Brexit Bulletin: In Time for the Deadline?By
Davis signals clarity on Brexit bill within a few weeks
May meets with leaders on sidelines of informal summit in Gothenburg
Brexit Secretary David Davis hinted at clarity in a “few more weeks” on the bill the U.K. will have to pay to leave the European Union, adding to the sense that the British are getting closer to making a concession aimed at unblocking negotiations.
It’s a close call whether that would be soon enough to make the agenda for a crunch EU summit in December. That’s when the U.K. has been hoping national leaders will give the green light for Brexit talks to move on from thorny separation issues to the key matters of a transition deal and future relationship. EU diplomats draft the summit conclusions in the first week of December, seen in Brussels as the latest moment that any offer could be considered. EU officials are looking at dates in January and February if December is another flop.
Speaking in Berlin, Davis told an audience of German business leaders that the EU should put prosperity ahead of politics, and suggested they should be pushing for talks to move on to trade. German business lobbies have repeatedly said they won’t seek to undermine the unity of the EU and that protecting the union takes priority.
Davis said negotiations are ongoing with the EU, even though another round before the Dec. 14 summit hasn’t been scheduled and the last two-day round bore little fruit. “On a day-by-day basis we’re going through and establishing what the European Union believes about these commitments, what size they are, what the basis of their understanding is and then we’ll make some decisions, political decisions, later on,” he said.
The EU is pushing for Britain to pay at least €60 billion ($71 billion) to cover budgetary commitments and liabilities agreed to in the past but paid for in the future, such as pensions for EU officials. So far Prime Minister Theresa May has pledged to honor about €20 billion of scheduled budget payments after Brexit and has indicated a willingness to pay more after a line-by-line analysis. The Sun reported this week that another £20 billion ($26.5 billion) was on the table, which May’s spokesman described as “yet more speculation.”
May is also out in Europe pressing the U.K.’s case. She met her Polish counterpart, Beata Szydlo, and Swedish premier Stefan Lofven late on Thursday ahead of an informal European summit in Gothenburg. Lovfen said early on Friday there’s still some way to go. May is also scheduled to meet her Irish counterpart and EU President Donald Tusk, the senior EU official who’s been friendliest to the U.K. throughout the process.
May will have to offer something new if she’s going to get more than just a sympathetic ear – and Brexit isn’t on the agenda, so any talks are purely on the sidelines. German Chancellor Angela Merkel won’t be there as she’s busy stitching together a coalition at home. But the German leader is said to be wary of pushing May too hard in talks for fear it could backfire and weaken her at home.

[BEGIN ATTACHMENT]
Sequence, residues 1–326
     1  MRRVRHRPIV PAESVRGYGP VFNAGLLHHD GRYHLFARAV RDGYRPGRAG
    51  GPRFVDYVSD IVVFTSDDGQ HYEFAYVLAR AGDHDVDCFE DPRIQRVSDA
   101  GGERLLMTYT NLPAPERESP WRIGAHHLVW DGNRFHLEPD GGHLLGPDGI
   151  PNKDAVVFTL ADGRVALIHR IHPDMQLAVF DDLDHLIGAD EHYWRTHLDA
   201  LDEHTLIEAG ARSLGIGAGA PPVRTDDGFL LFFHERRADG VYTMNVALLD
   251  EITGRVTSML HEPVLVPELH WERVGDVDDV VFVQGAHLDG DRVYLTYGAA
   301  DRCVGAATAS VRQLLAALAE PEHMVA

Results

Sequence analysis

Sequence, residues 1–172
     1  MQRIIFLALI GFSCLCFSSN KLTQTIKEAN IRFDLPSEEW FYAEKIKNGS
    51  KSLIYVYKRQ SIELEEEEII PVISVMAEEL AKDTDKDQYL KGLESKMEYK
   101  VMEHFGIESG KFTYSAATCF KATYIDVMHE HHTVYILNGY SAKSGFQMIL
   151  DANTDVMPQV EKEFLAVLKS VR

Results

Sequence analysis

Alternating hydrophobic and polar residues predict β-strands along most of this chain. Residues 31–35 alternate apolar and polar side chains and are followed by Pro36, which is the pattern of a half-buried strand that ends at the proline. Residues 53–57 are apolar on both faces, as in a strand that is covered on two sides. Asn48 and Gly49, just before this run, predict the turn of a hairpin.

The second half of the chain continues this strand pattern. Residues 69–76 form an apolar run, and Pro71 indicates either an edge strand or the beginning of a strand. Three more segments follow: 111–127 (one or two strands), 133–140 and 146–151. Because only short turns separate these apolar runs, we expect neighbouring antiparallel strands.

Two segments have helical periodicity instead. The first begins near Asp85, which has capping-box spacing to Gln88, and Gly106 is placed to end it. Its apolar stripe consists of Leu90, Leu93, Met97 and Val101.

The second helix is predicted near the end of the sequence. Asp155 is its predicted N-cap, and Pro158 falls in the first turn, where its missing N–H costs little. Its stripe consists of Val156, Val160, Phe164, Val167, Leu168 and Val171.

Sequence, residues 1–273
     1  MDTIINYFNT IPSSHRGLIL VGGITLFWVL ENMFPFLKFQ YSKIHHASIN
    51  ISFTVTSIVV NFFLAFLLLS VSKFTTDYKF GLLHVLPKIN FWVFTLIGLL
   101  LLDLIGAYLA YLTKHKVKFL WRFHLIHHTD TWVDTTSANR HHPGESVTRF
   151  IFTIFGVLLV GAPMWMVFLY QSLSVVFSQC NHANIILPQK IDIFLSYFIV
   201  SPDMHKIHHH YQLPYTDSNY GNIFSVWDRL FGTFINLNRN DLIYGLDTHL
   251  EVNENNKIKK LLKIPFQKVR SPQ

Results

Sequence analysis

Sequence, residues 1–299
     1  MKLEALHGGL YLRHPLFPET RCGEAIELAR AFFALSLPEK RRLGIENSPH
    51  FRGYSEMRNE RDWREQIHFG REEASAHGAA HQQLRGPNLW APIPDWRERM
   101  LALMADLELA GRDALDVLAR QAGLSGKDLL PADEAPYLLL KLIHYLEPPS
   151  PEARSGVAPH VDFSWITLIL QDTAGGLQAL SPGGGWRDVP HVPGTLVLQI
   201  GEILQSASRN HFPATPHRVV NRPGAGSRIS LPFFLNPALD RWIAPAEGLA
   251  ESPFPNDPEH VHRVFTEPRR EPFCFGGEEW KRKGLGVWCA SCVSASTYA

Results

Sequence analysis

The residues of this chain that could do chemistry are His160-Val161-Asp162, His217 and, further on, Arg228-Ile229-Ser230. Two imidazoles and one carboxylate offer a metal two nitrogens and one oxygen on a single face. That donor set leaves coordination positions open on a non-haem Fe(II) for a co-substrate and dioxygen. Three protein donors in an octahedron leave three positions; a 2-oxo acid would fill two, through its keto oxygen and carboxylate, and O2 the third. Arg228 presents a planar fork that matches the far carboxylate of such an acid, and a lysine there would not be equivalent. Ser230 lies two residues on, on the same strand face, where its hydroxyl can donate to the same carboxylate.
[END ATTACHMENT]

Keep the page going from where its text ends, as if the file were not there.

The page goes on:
Climbdown Ahead | A senior minister dropped a strong hint that May is looking for a way to ditch her attempt to write the date of Brexit into law after a rebellion by Tory lawmakers. “There are various constructive suggestions that have been made during the committee debates about how the bill might be improved,” Justice Secretary David Lidington said, when asked about the exit date proposal. “Obviously, we will listen.”
Relocation Threats | Huntsman Corp.’s chief executive officer said U.K. investment decisions could be put on hold in the event of lingering Brexit uncertainty and that any discontent from customers could see the U.S. chemical maker shift production elsewhere. The company, which manufactures polyurethane foam insulation, says production could easily be transferred to the U.S. or China. “I can do basically the same thing in Geismar, Louisiana, so why put up with all the mess?” CEO Peter Huntsman said.
Brexit Means Work | The government is working on 313 separate programs across all departments to prepare the country for Brexit, according to the National Audit Office. The “work-streams” range from designing replacements for EU funding programs such as the Common Agricultural Policy to devising regulatory regimes to replace tasks currently carried out by EU bodies.
Reducing the Bill | The Financial Times calculates that if the U.K. wins every argument in the haggling over the divorce bill, it could bring it down to €32 billion in net terms. British officials doubt they’ll be that successful, the paper says. It also reports Davis is urging May not to offer too much on the divorce bill so that more can put on the table later in trade talks.
On the Markets | The pound rose in early trading on Friday for a fourth day.
“You know what I mean? It was put to the people as a vote, the people voted. That’s democracy,” the Telegraph quotes him as saying. “Get over it.”
Gallagher didn’t cast his ballot, because he didn’t think members of the public were qualified enough to take the decision. But trying to reverse it would be wrong, he said. “They used to call that fascism.”